Today, McCarrick is the Cardinal of Washington—one of the men who sat in the Sistine Chapel conclave that elected Joseph Ratzinger the new pope. Spong is retired, though still a popular and influential author. He's still annoyed with conservatives. And he still keeps a picture of Hans Kung on his desk.




Deborah Caldwell is Senior Editor and National Correspondent at Beliefnet.

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It would seem to me that the Church of Rome would realize that their position would remain much more tenable in the long run if it was more moderate.


Perhaps not. Intuition tells me that if a pope passionately guided the church back to a strict, extremely traditional (orthodox, I suppose) Catholicism that it might just invigorate the struggling church. Moderation hasn't helped the Presbyterians, Methodists, and Episcopalians, has it? Over all, conservative churches are the ones with energy and growth. In an increasingly complex world, people are looking for a rock to stand on, even if they are getting beat over the head with it from time to time.

Edited by fatherman
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People are strange..they want someone else to think for them. Many would perfer an abusive spouse to none at all..and weirdly and think many apply the same views on belonging to a religious group. I think the logical idea is sooner or later the Progressive UMCs, Presbyterians will have to break off from their roots combined together and start a new non-denominational and contemporary Progressive church and that the progressive Catholics, Pro Lutherns and Episcoplains should do the same.


Cause like someone here said, the older people have the money and they rule all these churches, both Protestants and Catholic,ect alike..and they tolerate us Progressives and liberals..(sometimes just barley) but we'd like to be more than just tolerated..we'd like to be accepted..and I think that's why we all need to break away from our conservative roots and form our own churches....

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I think the logical idea is sooner or later the Progressive UMCs, Presbyterians will have to break off from their roots combined together and start a new non-denominational and contemporary Progressive church and that the progressive Catholics, Pro Lutherns and Episcoplains should do the same.


Just curious: Why do you think the Lutherans should or would combine with Catholics? You've said it a couple of times and each time it's made me stop and wonder why?

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I say this because Lutherns, Episcopains and Catholics have said themselves that their rituals are very much alike and thus is why they say that if Catholic was/is too fundamental for them or if their Luthern Church was/is..they say Episcopalains is enough like the rituals they are acostumed to. Inlight of this, it makes sense to me that the liberals/progressives of these '3' faith groups combine and that the '3' non-ritual Protestant churches Progressive/liberal UMC and Presbyterians combine.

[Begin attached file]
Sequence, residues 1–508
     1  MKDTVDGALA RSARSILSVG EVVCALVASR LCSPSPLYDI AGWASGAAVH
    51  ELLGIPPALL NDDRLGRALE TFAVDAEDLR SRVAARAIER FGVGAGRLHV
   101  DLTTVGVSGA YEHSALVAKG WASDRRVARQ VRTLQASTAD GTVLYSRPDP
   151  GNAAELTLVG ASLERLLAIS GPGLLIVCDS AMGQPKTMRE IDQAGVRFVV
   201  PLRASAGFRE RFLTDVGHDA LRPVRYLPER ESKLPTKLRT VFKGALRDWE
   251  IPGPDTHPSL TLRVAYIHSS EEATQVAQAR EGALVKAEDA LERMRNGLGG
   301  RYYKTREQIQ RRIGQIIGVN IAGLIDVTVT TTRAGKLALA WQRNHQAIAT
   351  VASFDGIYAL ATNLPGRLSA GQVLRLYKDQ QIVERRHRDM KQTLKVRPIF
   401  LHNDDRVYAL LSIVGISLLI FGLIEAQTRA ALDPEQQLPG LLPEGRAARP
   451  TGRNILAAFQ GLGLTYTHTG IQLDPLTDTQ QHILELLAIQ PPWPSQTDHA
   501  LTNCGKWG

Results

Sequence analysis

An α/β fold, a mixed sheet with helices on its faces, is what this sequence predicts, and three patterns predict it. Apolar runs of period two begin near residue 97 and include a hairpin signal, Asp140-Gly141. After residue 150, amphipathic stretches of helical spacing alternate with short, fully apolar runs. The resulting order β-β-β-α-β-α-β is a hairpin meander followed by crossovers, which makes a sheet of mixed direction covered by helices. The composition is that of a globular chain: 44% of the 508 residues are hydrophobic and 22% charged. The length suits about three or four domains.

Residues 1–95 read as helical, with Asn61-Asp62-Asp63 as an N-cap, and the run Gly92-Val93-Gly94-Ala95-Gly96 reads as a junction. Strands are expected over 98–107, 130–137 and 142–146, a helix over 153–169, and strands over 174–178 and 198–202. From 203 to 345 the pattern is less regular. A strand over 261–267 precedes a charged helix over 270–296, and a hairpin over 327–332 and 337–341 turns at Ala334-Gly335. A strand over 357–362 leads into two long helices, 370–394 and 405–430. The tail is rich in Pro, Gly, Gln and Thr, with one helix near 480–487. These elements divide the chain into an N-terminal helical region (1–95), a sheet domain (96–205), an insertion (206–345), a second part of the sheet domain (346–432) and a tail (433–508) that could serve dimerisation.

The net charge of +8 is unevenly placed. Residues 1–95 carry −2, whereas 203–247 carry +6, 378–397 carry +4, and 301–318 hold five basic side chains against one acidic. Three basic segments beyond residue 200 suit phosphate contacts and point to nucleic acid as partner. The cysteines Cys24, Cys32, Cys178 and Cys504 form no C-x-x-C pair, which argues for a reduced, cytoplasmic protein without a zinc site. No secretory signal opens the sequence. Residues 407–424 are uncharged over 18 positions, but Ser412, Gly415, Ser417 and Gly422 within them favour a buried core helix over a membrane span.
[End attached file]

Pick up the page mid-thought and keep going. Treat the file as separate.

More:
Cause some people who are Progressive/Liberal still like ritual just not the fundamentalism attatched to it..and then others like UMC and Presbyterians don;t like ritual. Some find ritual inspiring and others find it boring...so different strokes for different folks.

Edited by BeachOfEden
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Hmmmm. I never knew Lutherans used ritual. Is Lutheran ritual liturgical like Catholic and Episcopalian ritual? Anybody?


The only thing I know (think I know?) about Lutherans, is well, "Luther", who broke away from the Catholic church. So in my mind Lutherans and Catholics would be on opposite ends of the spectrum. Episcopalians, trying to keep the best of both Catholicism and Protestantism, would be in the middle.


But like I said, I really don't know anything about the Lutheran church. I have an online acquaintance who is Lutheran. Perhaps I shall throw the ritual question at him. :)

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Aletheia -- Yes, Lutheran, Episcopalian, and Catholic liturgy are quite similar. I've been to all three of these kinds of churches, and if one is not very familiar with them, it would be difficult to tell them apart . . .


Beach -- Many of us progressives prefer to stay with our home denominations because we are working to change things from within the tradition. (For example: Jesus did not set out to start a new church -- he remained a Jew and a rabbi who worked for change within his own faith. Of course, another tradition developed from that, which is wonderful. But my point is that some of us find that our path remains in our home denomination, even as we dissent from it.)